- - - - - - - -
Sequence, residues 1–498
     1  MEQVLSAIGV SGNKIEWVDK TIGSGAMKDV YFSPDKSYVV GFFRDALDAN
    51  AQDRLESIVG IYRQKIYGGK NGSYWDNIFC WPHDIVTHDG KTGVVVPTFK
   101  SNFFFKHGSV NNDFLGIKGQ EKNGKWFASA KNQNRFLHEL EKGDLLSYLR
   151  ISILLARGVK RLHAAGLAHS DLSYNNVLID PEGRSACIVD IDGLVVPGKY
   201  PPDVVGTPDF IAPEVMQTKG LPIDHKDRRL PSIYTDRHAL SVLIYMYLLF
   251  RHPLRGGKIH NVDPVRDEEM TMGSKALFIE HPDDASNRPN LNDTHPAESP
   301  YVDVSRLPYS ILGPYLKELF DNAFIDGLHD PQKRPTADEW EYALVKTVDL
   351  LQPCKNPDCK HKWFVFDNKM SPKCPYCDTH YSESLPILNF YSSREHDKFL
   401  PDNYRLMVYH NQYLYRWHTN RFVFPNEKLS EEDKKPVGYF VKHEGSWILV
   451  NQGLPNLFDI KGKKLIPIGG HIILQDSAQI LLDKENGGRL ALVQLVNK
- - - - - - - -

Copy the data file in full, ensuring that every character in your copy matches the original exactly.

Sequence, residues 1–498
     1  MEQVLSAIGV SGNKIEWVDK TIGSGAMKDV YFSPDKSYVV GFFRDALDAN
    51  AQDRLESIVG IYRQKIYGGK NGSYWDNIFC WPHDIVTHDG KTGVVVPTFK
   101  SNFFFKHGSV NNDFLGIKGQ EKNGKWFASA KNQNRFLHEL EKGDLLSYLR
   151  ISILLARGVK RLHAAGLAHS DLSYNNVLID PEGRSACIVD IDGLVVPGKY
   201  PPDVVGTPDF IAPEVMQTKG LPIDHKDRRL PSIYTDRHAL SVLIYMYLLF
   251  RHPLRGGKIH NVDPVRDEEM TMGSKALFIE HPDDASNRPN LNDTHPAESP
   301  YVDVSRLPYS ILGPYLKELF DNAFIDGLHD PQKRPTADEW EYALVKTVDL
   351  LQPCKNPDCK HKWFVFDNKM SPKCPYCDTH YSESLPILNF YSSREHDKFL
   401  PDNYRLMVYH NQYLYRWHTN RFVFPNEKLS EEDKKPVGYF VKHEGSWILV
   451  NQGLPNLFDI KGKKLIPIGG HIILQDSAQI LLDKENGGRL ALVQLVNK